Live nasal COVID-19 vaccine candidate beats intramuscular mRNA shot in hamsters

By Nick Paul Taylor, The Science Advisory Board contributing writer

April 3, 2023 -- A nasally delivered, live-attenuated vaccine against COVID-19 has outperformed an intramuscular mRNA shot in hamsters, encouraging researchers to prepare to study the candidate in humans.

Interest in developing nasal vaccines to protect against COVID-19 dates back to the early months of the pandemic. Because SARS-CoV-2 first takes hold in the nose, mouth, throat, and lungs, vaccines that target those mucous membranes could be more effective at stopping infection and transmission than injected vaccines. The idea is to stop SARS-CoV-2 sooner by providing protection at the site of infection.

Work on nasal vaccines has resulted in approved products in China and India, both of which use modified adenoviruses to protect against COVID-19, but the global market remains dominated by mRNA vaccines that are injected into the muscles. However, some groups continue to work on nasal vaccines.

Writing in Nature Microbiology, researchers at three German institutes -- Freie Universität Berlin, Max Delbrück Center and Charité – Universitätsmedizin Berlin -- present data on a live nasal vaccine. To make the vaccine, the scientists altered the genetic code of SARS-CoV-2 to weaken the virus and formulated it into a nasally delivered solution. The changes are designed to stop the virus from harming patients.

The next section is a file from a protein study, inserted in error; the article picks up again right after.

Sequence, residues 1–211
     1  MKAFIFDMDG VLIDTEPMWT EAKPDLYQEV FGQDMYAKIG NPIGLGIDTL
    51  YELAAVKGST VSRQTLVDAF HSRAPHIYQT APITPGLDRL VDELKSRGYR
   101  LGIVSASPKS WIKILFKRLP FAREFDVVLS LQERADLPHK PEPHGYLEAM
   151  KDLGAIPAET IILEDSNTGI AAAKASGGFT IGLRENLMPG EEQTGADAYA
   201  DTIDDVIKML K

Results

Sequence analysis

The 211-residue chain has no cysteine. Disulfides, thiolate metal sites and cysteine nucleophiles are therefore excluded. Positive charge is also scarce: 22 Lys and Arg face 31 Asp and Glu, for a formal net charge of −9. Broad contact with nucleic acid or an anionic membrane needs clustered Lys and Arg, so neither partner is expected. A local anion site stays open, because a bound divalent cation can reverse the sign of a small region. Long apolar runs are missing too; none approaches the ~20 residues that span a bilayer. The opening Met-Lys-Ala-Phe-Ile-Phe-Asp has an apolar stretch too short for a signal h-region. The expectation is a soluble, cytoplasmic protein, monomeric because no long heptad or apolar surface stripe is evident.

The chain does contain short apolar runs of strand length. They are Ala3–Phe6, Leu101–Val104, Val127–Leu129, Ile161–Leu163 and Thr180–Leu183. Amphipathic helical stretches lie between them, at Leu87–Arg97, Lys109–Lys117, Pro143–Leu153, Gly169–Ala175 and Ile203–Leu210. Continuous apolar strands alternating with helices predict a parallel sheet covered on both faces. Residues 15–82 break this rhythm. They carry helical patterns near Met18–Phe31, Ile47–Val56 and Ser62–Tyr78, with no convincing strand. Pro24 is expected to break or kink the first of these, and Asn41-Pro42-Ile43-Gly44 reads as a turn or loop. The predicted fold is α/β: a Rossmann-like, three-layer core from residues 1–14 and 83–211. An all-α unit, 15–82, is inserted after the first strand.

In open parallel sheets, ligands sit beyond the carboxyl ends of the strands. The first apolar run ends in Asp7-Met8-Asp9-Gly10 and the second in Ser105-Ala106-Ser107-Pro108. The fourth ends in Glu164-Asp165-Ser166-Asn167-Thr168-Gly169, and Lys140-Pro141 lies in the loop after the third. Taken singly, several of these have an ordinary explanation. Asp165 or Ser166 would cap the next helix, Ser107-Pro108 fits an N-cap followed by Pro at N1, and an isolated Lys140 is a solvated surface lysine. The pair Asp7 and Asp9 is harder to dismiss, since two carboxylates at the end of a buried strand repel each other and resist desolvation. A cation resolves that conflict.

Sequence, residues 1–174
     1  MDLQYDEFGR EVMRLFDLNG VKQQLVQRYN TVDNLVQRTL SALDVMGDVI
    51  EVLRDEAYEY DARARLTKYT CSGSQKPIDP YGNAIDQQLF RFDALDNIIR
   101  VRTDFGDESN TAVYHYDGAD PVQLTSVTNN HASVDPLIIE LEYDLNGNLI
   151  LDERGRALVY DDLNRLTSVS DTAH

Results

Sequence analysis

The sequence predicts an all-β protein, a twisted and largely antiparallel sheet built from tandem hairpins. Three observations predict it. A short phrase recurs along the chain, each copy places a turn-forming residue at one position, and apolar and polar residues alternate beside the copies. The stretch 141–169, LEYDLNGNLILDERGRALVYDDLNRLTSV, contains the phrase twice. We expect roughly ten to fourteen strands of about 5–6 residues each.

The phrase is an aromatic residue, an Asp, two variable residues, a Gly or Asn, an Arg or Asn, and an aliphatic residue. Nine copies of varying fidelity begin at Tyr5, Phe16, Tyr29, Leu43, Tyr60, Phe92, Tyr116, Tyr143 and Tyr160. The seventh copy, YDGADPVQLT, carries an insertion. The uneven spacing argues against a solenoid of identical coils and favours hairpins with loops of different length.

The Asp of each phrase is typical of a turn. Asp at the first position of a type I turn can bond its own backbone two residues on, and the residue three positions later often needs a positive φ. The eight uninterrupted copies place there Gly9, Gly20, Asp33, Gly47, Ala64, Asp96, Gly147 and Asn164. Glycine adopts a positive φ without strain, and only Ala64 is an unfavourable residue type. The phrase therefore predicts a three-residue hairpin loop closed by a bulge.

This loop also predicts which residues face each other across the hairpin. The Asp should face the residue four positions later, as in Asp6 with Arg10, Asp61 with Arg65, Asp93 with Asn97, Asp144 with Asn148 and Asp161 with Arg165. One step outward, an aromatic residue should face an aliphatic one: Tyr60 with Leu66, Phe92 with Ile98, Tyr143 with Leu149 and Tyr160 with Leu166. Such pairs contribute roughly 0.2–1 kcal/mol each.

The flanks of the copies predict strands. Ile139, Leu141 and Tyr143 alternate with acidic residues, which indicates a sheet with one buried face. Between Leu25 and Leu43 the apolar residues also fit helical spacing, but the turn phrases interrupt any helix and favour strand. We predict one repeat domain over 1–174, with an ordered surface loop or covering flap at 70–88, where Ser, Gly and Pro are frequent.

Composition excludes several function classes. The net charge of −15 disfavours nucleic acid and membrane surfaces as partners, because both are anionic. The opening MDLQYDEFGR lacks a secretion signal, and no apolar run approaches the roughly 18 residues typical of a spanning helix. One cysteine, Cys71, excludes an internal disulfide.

Administration of the candidate to hamsters suggests the live attenuated nasal vaccine may have some advantages over prophylactic injections based on mRNA. Two doses of the nasal vaccine stopped the virus from replicating in hamsters, whereas animals that received two shots of mRNA suffered damage to the upper tissue layers in the nasal mucosa.

The effectiveness of two doses of the nasal vaccine was underpinned by its effect on the memory T cells that reside in lung tissue, as Geraldine Nouailles, an immunologist and research group leader at Charité, explained in a statement.

"These white blood cells remain in affected tissue long after an infection has passed and remember pathogens they have encountered before. Thanks to their location in the lungs, they can respond quickly to viruses that enter through the airways. We were able to show that prior intranasal vaccination results in the increased reactivation of these local memory cells in the event of a subsequent SARS-CoV-2 infection," Nouailles, the co-first author of the study, said.

The researchers are collaborating with the Swiss startup RocketVax in preparing to test the nasal vaccine in humans. RocketVax plans to rapidly scale up production and advance clinical development in the belief that the delivery technology has great potential in the market for seasonal vaccines.

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